These sentiments were echoed by Mr Laudick. "This may be the first time people are designing machines around the engine," he said.
For its part, John Deere will be basing its Stage IIIB/Tier 4 engines on its existing PowerTech Stage IIIA/Tier 3 models. Among the key technologies here is cooled EGR, high-pressure fuel injection systems and variable geometry turbo chargers (VGT).
With only three years to go until the introduction of Stage IIIB/interim Tier 4 laws for 130 kW to 560 kW engines, the issue of how manufacturers will fit these bulkier and more complex engines into their machines is becoming urgent. To date however, there are almost no such engines on the market.
The exception is Cummins, which launched its first next-stage engine at the ConExpo show held in Las Vegas in March, the 224 kW Tier 4 QSB6.7. Speaking at the launch of the engine, the company's president and COO, Joe Loughrey underlined the difficulty involved in meeting the new requirements.
"Tier 4 emissions may well be the biggest challenge the industry has faced. The requirements are equivalent to the two previous tiers combined, and the following 2014 requirements will result in virtually emissions free engines," he said.
Cooled EGR and high-pressure common rail fuel injection systems help reduce the formation of NOx in the QSB6.7 by lowering the combustion temperature. The exhaust features Cummins' own Particulate Filter, and this is something the company puts a strong emphasis on.
Unlike other engine manufacturers, Cummins does not buy-in add-ons like DPFs, but builds them itself. This, it says, helps ensure they are more suited to the application. Susan Harrison, executive director of Cummins Industrial Engineering said, "The Cummins Particulate Filter for Tier 4 is an exceptionally rugged design which is hardened to withstand severe shock loads and vibration."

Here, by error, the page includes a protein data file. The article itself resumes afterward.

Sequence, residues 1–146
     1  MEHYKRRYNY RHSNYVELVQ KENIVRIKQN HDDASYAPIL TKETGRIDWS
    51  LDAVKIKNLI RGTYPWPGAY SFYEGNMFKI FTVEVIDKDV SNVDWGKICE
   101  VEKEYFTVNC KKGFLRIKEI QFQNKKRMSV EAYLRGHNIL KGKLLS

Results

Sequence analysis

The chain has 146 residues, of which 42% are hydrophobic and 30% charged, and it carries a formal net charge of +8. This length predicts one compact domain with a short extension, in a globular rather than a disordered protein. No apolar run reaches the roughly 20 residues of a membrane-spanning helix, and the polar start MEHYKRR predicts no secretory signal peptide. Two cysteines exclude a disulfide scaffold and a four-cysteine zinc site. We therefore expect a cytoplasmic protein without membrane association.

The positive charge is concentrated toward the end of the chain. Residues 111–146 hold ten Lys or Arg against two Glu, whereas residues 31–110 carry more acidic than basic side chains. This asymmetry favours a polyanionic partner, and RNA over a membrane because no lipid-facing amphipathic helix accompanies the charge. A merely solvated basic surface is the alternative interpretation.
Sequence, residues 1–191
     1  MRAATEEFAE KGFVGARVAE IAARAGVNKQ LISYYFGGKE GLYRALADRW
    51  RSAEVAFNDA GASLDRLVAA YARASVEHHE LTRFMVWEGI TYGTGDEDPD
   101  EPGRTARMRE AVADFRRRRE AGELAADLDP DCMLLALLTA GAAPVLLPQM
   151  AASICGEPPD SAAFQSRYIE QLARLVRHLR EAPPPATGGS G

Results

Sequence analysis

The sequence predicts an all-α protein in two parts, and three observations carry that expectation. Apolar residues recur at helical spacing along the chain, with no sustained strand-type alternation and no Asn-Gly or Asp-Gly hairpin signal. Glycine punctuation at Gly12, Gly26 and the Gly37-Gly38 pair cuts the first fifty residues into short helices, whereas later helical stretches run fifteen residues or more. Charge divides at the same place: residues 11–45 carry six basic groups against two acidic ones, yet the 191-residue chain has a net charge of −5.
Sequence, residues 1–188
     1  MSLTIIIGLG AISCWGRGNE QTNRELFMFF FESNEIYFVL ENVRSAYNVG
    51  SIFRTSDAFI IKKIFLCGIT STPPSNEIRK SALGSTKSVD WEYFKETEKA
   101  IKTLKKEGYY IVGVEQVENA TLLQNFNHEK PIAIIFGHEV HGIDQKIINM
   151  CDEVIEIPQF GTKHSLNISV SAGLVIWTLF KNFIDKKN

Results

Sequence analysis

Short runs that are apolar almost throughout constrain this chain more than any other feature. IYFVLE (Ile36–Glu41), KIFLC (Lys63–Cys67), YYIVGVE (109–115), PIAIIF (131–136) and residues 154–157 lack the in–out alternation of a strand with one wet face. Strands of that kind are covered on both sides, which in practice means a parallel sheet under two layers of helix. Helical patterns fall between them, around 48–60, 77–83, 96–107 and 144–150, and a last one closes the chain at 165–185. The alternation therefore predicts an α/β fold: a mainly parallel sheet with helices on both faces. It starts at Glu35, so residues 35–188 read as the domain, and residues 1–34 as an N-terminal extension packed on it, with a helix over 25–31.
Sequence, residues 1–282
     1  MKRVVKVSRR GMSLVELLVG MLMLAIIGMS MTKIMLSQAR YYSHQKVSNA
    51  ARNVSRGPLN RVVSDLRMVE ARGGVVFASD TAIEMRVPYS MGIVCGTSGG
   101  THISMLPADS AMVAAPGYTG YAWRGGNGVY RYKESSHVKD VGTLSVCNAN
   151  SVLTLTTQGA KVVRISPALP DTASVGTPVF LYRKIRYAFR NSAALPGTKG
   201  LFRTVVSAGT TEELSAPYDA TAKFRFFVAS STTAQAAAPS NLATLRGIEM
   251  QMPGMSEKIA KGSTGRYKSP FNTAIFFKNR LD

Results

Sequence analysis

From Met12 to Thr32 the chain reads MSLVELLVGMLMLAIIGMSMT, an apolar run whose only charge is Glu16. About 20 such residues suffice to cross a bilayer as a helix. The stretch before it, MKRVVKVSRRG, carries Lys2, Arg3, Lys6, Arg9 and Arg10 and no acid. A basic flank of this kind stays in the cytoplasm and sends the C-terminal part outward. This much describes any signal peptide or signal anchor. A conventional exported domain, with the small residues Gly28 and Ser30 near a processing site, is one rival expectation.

She continued, "A compact profile with flexible inlet and outlet orientations enable the Cummins Particulate Filter to integrate more effectively with varying types of equipment installations. Together with the Cummins Direct Flow air filtration system, the Particulate Filter aftertreatment combines the packaging integration for a complete air-in to exhaust-out installation for Tier 4 applications."
Another point that Cummins is keen to stress is that although its new engines will be more complex, this won't be at the expense of reliability. The company says it will complete 100000 hours of test cell work and 50000 hours of field-testing on the new engines in the run-up to 2011.
"I challenge you to find a more dependable engine in the market today," said Mr Loughrey. He added that engines like the new QSB6.7 would, "...offer mature levels of reliability at introduction."
Another interesting, and increasingly important point is that Cummins has found some savings in fuel efficiency with its new engines, as has Perkins